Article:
Recent sessions of the RBA/Northeastern University Myra Kraft Open Classroom Inspiring Design: Creating Beautiful, Just, and Inspiring Places in America series featured speakers from Boston, Dallas, Los Angeles, and New York City. They described how inclusive design can help build social infrastructure and capital, enabling communities to tackle big challenges such as climate change, responding to the COVID-19 pandemic, and homelessness. Their comments reinforced the value of visionary leadership, engaging and empowering people, and design thinking—all key themes from previous sessions on Planning Equity, Engaging Communities via Food and Education, and Building Equity with Housing and Parks.
How many changes have you done to your interior space during this past year? Whether it was a change of furniture layout, repainting the walls, adding more light fixtures or perhaps even removing them, after spending so much time in one place, the space you were once used to didn’t make sense anymore. We could blame the overall situation for how we’ve been feeling lately, but as a matter of fact, the interior environment plays a huge role in how we feel or behave as well. However, if you were wondering why some neighbors seem much more undisturbed and serene even in the midst of a pandemic, it could be because the interior is greener on the other side.
One of the most important cities in the world –and the most populated in the United States of America–, New York is home to a great mix of cultures and history that has been shaped over the years, while art and architecture play a fundamental role in this development.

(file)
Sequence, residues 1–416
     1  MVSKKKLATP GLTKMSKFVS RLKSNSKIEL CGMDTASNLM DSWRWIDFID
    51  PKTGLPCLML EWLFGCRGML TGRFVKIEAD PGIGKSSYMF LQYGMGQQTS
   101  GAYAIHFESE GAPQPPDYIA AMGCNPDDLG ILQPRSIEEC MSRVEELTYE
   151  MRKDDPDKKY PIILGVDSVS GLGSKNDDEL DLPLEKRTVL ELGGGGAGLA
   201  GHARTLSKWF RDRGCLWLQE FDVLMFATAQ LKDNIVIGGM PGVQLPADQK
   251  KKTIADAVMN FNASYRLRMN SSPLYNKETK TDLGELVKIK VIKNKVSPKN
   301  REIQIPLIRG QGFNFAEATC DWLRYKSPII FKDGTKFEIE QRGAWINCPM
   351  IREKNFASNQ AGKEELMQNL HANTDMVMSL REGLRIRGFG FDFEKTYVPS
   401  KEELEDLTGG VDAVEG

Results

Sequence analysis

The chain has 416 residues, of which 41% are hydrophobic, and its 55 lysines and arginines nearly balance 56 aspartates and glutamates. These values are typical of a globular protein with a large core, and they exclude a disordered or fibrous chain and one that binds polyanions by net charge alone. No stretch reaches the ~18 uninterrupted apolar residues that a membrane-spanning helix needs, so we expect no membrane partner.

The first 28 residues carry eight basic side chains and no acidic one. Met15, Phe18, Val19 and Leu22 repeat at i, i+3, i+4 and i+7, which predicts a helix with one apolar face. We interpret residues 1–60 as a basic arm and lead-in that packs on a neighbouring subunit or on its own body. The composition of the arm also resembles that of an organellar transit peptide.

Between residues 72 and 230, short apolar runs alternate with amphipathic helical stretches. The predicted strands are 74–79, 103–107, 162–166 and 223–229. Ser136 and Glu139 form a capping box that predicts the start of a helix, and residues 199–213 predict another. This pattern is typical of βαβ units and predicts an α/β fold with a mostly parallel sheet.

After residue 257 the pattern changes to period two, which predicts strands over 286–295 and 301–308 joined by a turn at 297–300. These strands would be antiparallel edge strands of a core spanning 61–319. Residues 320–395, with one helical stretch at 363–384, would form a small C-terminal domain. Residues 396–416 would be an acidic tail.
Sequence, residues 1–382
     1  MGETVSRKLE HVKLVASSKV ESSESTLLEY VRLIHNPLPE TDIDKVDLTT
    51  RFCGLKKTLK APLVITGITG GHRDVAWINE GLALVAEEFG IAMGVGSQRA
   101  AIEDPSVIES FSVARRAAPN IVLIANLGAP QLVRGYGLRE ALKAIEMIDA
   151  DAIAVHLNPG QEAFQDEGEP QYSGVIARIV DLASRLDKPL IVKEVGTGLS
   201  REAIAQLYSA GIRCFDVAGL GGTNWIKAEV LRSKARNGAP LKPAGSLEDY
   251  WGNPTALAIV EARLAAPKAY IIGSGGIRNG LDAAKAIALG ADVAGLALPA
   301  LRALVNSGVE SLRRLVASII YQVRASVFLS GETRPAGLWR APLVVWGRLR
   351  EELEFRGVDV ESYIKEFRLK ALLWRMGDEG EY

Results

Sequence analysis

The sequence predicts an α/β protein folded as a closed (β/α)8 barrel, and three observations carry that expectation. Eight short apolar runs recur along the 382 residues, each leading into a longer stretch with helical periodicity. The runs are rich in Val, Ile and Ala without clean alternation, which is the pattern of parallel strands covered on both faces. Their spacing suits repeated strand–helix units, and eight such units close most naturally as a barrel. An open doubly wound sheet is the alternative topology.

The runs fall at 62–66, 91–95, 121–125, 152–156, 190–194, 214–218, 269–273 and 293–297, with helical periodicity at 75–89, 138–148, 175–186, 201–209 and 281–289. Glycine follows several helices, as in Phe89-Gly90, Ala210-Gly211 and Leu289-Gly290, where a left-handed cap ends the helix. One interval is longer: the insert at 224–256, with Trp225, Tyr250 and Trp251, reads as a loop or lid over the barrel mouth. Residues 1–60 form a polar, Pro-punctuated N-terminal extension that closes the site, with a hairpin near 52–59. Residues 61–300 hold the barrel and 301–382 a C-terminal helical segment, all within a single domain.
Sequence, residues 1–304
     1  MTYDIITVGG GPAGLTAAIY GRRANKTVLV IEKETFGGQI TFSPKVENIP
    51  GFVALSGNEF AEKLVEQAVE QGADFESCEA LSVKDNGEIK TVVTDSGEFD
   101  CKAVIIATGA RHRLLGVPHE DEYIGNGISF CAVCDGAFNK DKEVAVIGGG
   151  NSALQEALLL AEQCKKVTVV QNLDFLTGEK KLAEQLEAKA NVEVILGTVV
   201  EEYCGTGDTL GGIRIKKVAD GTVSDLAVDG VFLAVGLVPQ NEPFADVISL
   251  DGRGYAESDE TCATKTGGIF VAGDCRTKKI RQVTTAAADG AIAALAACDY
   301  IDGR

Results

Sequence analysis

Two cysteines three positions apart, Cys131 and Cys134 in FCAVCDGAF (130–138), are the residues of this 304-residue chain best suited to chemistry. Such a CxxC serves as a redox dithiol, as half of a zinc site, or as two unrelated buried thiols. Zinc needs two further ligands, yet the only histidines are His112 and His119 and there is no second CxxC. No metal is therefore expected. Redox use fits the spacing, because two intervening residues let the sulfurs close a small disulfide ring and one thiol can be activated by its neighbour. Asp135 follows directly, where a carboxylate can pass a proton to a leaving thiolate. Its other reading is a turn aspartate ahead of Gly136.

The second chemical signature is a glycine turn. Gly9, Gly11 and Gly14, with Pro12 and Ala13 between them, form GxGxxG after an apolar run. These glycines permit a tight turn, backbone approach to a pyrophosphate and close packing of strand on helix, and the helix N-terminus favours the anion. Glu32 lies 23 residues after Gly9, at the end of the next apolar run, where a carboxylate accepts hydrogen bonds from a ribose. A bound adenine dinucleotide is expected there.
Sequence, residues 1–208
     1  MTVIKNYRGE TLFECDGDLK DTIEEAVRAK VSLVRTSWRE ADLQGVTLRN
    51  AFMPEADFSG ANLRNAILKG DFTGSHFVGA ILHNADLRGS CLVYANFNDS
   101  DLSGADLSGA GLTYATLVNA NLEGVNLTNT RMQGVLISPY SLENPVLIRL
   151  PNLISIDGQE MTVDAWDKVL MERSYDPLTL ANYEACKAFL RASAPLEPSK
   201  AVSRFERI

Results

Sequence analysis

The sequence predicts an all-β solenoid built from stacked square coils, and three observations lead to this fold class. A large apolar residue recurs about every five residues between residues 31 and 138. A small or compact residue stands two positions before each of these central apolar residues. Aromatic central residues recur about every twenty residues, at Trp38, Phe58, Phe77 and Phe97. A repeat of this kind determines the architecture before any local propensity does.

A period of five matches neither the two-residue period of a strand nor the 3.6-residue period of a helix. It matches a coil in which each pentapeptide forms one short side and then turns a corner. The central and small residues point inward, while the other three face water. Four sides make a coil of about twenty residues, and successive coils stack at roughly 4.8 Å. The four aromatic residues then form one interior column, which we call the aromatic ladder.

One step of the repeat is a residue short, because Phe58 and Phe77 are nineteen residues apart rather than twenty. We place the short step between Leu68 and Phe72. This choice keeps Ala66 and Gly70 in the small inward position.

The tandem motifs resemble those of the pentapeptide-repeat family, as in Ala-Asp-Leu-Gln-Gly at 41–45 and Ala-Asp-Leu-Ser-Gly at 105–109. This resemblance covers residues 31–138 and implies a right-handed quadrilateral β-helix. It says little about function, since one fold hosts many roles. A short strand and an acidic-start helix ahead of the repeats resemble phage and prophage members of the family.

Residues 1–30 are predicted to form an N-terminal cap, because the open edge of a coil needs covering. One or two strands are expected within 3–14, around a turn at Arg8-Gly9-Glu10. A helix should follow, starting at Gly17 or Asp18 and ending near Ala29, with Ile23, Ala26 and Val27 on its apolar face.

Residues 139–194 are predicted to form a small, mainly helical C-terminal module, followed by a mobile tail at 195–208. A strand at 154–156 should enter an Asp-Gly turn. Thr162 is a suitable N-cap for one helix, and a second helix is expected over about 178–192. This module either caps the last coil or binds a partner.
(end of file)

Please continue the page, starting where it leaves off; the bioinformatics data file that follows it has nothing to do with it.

Studio Cadena’s Happy installation has been unveiled in New York's Flatiron Plaza. The project is the winner of the fifth annual Design Competition hosted by the Flatiron/23rd Street Partnership Business Improvement District (BID) and Van Alen Institute. As the centerpiece of the annual holiday program, the installation was selected by a jury with expertise across the worlds of design and public art, including representatives from the Flatiron Partnership, New York City DOT Art, and Van Alen Institute’s board of trustees.
This article was originally published on June 16, 2016. To read the stories behind other celebrated architecture projects, visit our AD Classics section.
Built in the early days of airline travel, the TWA Terminal is a concrete symbol of the rapid technological transformations which were fueled by the outset of the Second World War. Eero Saarinen sought to capture the sensation of flight in all aspects of the building, from a fluid and open interior, to the wing-like concrete shell of the roof. At TWA’s behest, Saarinen designed more than a functional terminal; he designed a monument to the airline and to aviation itself.
This AD Classic features a series of exclusive images by Cameron Blaylock, photographed in May 2016. Blaylock used a Contax camera and Zeiss lenses with Rollei black and white film to reflect camera technology of the 1960s.